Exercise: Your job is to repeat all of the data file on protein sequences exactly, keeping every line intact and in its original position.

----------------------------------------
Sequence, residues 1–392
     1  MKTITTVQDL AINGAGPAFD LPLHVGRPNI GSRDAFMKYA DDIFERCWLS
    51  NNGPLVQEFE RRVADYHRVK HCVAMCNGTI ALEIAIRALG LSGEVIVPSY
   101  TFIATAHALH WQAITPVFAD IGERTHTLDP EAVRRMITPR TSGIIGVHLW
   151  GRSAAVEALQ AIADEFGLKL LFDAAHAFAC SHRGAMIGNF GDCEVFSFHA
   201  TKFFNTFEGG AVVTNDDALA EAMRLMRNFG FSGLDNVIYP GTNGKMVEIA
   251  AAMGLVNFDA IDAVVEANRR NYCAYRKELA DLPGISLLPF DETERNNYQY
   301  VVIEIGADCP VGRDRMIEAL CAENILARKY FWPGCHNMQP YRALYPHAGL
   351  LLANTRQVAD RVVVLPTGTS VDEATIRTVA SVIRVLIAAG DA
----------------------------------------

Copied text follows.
Sequence, residues 1–392
     1  MKTITTVQDL AINGAGPAFD LPLHVGRPNI GSRDAFMKYA DDIFERCWLS
    51  NNGPLVQEFE RRVADYHRVK HCVAMCNGTI ALEIAIRALG LSGEVIVPSY
   101  TFIATAHALH WQAITPVFAD IGERTHTLDP EAVRRMITPR TSGIIGVHLW
   151  GRSAAVEALQ AIADEFGLKL LFDAAHAFAC SHRGAMIGNF GDCEVFSFHA
   201  TKFFNTFEGG AVVTNDDALA EAMRLMRNFG FSGLDNVIYP GTNGKMVEIA
   251  AAMGLVNFDA IDAVVEANRR NYCAYRKELA DLPGISLLPF DETERNNYQY
   301  VVIEIGADCP VGRDRMIEAL CAENILARKY FWPGCHNMQP YRALYPHAGL
   351  LLANTRQVAD RVVVLPTGTS VDEATIRTVA SVIRVLIAAG DA